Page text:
Bottom‐trawl fisheries are the most‐widespread source of anthropogenic physical disturbance to seabed habitats. Development of fisheries‐, conservation‐ and ecosystem‐based management strategies requires the selection of indicators of the impact of bottom trawling on the state of benthic biota. Many indicators have been proposed, but no rigorous te...
Preprint
Full-text available
Bottom trawling accounts for almost one quarter of global fish landings but may also have significant and unwanted impacts on seabed habitats and biota. Management measures and voluntary industry actions can reduce these impacts, helping to meet sustainability objectives for fisheries, conservation and environmental management. These include change...
Article
Full-text available
Bottom trawlers land around 19 million tons of fish and invertebrates annually, almost one-quarter of wild marine landings. The extent of bottom trawling footprint (seabed area trawled at least once in a specified region and time period) is often contested but poorly described. We quantify footprints using high-resolution satellite vessel monitorin...
Article
Full-text available
1.Bottom trawling is the most widespread human activity directly affecting seabed habitats. Assessment and effective management of the effects of bottom trawling at the scale of fisheries requires an understanding of differences in sensitivity of biota to trawling. Responses to disturbance are expected to depend on the intrinsic rate of increase of...
Article
Kroodsma et al. (Reports, 23 February 2018, p. 904) mapped the global footprint of fisheries. Their estimates of footprint and resulting contrasts between the scale of fishing and agriculture are an artifact of the spatial scale of analysis. Reanalyses of their global (all vessels) and regional (trawling) data at higher resolution reduced footprint...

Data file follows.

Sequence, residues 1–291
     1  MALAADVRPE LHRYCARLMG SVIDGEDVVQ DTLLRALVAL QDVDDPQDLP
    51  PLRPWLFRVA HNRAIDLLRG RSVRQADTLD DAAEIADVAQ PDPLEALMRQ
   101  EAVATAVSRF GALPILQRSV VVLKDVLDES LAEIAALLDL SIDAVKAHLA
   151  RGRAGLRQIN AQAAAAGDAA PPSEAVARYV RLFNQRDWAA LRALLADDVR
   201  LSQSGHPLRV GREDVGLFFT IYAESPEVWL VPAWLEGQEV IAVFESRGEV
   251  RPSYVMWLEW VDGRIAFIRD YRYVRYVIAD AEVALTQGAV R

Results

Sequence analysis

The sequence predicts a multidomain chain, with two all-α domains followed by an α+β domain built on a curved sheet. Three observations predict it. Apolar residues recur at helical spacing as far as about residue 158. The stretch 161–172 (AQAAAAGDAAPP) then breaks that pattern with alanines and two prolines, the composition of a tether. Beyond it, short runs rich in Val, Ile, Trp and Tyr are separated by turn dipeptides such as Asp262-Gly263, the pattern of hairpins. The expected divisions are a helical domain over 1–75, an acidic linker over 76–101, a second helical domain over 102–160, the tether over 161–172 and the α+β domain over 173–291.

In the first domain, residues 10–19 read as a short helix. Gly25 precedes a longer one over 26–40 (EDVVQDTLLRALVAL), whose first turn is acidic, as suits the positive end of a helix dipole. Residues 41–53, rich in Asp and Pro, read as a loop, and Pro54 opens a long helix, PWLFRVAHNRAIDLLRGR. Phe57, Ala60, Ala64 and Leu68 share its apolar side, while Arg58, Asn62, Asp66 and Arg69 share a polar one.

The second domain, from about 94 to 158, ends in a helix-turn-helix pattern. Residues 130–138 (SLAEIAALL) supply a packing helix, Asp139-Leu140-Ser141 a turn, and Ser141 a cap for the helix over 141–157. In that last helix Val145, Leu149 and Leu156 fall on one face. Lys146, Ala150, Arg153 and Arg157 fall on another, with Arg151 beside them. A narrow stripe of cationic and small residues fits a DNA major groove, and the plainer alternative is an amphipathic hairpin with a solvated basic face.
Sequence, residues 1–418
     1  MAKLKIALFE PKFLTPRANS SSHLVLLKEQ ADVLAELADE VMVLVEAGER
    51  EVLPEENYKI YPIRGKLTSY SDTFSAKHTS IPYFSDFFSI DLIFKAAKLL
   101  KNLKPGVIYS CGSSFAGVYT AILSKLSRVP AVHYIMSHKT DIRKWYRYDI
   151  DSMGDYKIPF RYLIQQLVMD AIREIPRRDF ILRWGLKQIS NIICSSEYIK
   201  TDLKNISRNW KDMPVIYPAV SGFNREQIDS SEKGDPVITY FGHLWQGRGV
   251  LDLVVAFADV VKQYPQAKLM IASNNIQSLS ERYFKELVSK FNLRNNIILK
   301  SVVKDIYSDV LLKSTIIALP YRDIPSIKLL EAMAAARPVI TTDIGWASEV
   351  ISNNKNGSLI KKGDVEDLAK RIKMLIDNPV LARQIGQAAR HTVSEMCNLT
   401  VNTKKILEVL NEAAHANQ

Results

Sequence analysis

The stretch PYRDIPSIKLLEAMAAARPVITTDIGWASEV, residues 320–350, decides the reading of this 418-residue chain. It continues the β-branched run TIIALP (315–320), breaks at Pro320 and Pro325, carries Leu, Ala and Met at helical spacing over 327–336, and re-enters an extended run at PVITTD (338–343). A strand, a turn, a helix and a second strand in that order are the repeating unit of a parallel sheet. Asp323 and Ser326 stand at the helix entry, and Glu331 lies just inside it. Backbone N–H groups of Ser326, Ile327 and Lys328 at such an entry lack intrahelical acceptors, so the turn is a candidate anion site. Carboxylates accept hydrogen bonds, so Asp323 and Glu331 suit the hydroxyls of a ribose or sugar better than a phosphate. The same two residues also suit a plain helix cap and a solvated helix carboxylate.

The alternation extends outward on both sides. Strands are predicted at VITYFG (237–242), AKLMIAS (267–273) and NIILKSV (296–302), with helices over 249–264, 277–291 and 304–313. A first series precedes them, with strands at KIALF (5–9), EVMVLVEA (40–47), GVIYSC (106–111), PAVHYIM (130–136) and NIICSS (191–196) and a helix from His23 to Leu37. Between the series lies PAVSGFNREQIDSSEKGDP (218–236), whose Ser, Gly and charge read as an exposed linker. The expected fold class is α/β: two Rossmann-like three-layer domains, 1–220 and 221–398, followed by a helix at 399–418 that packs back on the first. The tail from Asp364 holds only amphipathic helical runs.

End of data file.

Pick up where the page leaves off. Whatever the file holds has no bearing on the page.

Article
Full-text available
Bottom-contact fishing gears are globally the most widespread anthropogenic sources of direct disturbance to the seabed and associated biota. Managing these fishing disturbances requires quantification of gear impacts on biota and the rate of recovery following disturbance. We undertook a systematic review and meta-analysis of 122 experiments on th...
Article
Full-text available
Trawling is the most widespread direct human disturbance on the seabed. Knowledge of the extent and consequences of this disturbance is limited because large-scale distributions of seabed fauna are not well known. We map faunal distributions in the Australian Exclusive Economic Zone (EEZ) and quantify the proportion of their abundance that occurs i...
Article
Full-text available
Bottom trawling is the most widespread human activity affecting seabed habitats. Here, we collate all available data for experimental and comparative studies of trawling impacts on whole communities of seabed macroinvertebrates on sedimentary habitats and develop widely applicable methods to estimate depletion and recovery rates of biota after traw...